On a recent cruise with a shipload of honeymooners and couples (and a few families, like mine), I observed a rather grumpy old French man in the cabin next to mine. I thought nothing of his situation as we exchanged nods in the corridor.
But then I saw him eating dinner alone one night, in a dining room packed with noisy, laughing people, looking rather sad and dejected, exuding loneliness. Did I go and invite him to join us?
No dear reader, I did not, but it struck me that for all the hype about the adventure of a single life at sea, maybe solo cruising isn’t all it’s cracked up to be.
Perhaps I ought to rephrase that.
Maybe solo cruising on the wrong ship – if you’re not particularly happy in your own company – isn’t all it’s cracked up to be. Some people like dining alone and are comfortable spending all day alone; others go on cruises specifically to make new friends and will happily chat to anybody.
But it’s hard; we’re not all gregarious, after all. The singles’ mingles offered by big ships are more often than not pretty dire. And while I have met some wonderful people while I was cruising alone, they’re usually couples and however welcoming they may be, nobody wants to feel like a gatecrasher for a whole week.
So what’s the formula for happy solo cruising if you’re not the world’s biggest extrovert?
My personal choice would be a cruise on a smallish ship with all the excursions included; when you’re touring around together by day, it’s much easier to break the ice, chat to different people and feel you’re not alone.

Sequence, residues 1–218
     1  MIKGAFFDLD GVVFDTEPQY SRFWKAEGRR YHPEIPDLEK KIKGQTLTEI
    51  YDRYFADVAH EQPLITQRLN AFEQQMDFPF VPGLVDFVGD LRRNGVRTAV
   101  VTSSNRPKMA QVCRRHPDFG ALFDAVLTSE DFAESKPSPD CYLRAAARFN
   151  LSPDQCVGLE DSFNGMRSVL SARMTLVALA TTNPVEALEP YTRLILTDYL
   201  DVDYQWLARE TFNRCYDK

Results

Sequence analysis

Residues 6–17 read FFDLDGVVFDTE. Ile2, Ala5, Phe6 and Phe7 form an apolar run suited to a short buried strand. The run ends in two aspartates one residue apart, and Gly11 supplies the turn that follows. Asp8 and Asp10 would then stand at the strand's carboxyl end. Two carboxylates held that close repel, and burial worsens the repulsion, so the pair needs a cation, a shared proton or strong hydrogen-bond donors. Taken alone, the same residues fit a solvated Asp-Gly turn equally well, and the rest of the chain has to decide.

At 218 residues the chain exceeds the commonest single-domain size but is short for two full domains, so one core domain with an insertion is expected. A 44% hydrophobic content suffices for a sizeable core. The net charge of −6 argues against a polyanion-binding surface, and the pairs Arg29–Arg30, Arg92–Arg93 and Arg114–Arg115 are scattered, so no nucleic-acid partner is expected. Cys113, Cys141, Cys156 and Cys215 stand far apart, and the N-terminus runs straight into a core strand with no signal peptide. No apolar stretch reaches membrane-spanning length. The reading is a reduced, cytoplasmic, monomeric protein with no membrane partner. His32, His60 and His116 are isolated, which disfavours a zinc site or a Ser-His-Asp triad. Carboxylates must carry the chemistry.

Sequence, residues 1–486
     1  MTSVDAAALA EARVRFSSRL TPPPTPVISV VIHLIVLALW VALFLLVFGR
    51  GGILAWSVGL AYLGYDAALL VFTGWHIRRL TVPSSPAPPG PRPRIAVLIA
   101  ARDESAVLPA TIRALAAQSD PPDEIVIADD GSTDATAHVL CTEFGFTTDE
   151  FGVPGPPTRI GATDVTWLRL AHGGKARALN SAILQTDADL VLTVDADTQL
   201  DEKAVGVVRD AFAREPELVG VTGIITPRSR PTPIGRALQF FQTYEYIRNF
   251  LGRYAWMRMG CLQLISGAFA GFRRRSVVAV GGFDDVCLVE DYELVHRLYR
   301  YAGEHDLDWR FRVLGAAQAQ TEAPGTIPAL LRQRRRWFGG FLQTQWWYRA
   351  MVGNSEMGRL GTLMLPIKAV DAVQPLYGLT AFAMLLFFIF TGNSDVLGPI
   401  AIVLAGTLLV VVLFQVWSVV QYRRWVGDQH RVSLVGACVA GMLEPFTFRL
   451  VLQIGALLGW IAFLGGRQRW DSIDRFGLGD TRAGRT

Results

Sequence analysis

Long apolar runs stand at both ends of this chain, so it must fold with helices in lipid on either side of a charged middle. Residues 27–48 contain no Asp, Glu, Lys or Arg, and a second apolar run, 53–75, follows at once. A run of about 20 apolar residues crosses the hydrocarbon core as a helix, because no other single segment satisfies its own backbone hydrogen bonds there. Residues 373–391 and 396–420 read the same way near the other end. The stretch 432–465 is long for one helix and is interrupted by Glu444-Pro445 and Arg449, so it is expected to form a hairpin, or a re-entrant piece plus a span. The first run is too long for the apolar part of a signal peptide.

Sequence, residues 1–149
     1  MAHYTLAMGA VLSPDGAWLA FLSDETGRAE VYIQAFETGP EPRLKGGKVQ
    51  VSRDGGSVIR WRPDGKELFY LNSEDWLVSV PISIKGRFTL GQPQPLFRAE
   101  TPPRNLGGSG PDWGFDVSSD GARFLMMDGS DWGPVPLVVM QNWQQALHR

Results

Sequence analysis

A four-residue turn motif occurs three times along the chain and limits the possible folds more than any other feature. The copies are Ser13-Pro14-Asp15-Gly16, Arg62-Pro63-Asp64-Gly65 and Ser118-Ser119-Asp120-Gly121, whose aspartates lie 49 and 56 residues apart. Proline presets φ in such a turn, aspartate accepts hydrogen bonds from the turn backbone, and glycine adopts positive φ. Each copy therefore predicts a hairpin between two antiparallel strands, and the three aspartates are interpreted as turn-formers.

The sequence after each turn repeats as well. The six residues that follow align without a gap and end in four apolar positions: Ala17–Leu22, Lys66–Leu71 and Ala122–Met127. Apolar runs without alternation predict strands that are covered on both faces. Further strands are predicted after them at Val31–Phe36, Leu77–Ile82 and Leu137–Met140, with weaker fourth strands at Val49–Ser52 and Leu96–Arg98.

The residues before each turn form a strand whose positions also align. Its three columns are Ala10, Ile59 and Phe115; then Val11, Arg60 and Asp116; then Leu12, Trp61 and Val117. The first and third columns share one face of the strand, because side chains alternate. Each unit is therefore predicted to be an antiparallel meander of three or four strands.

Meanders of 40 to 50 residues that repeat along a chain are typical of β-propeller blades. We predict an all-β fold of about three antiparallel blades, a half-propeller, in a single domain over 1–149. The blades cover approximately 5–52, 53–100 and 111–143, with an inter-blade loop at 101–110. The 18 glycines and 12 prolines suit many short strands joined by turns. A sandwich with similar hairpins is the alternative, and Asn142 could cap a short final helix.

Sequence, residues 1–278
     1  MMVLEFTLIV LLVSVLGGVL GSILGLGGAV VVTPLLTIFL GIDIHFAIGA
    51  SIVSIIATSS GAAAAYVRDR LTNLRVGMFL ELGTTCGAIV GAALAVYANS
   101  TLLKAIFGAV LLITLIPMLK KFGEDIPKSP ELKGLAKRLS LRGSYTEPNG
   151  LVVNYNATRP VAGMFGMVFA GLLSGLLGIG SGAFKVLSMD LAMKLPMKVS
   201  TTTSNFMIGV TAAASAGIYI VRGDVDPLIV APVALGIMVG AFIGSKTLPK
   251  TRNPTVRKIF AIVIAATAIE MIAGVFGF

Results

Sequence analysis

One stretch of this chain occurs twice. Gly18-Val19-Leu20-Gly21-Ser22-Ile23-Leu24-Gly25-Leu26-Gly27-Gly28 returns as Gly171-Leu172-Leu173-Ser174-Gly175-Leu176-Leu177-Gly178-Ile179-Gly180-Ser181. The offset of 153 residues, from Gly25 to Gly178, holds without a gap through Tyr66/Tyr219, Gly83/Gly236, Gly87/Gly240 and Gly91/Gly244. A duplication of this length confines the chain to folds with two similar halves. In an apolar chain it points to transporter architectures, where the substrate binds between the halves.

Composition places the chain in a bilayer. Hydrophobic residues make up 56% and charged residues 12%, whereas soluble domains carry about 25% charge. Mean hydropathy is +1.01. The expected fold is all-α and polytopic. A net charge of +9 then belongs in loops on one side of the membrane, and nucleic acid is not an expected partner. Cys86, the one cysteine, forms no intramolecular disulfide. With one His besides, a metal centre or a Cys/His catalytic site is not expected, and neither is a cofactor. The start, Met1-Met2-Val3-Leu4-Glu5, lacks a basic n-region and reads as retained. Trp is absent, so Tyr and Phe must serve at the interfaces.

I’ve had fantastic solo cruises on Orion, Noble Caledonia and Un-Cruise Adventures with this formula and on all three, the open seating dining at big tables made the evenings fun, too.
A big ship with thousands of people, some of whom you’ll never see more than once, can be the loneliest place in the world, although a really single-friendly vessel like Norwegian Epic or Breakaway, with an area of single cabins and a dedicated lounge, might work for younger cruisers.
If you do prefer a big ship, get a flying start with the saviour of the solo cruiser – the Cruise Critic message boards, which provide a chance to hook up with fellow cruisers before you leave through our Roll Calls and to chat to other single travelers.
Sign up for the roll call for your cruise, join forces with fellow travelers looking to make up a group for independent excursions and don’t be afraid to voice your anxieties.
As a case in point, check out the wonderful thread started this week by member Hal_9000, about to embark on his first solo cruise and nervous as hell; the advice from fellow members who have taken the solo plunge is positively heartwarming.
Do you have any advice for a shy single cruiser? How do you make friends on cruises? Give us your tips in the comments.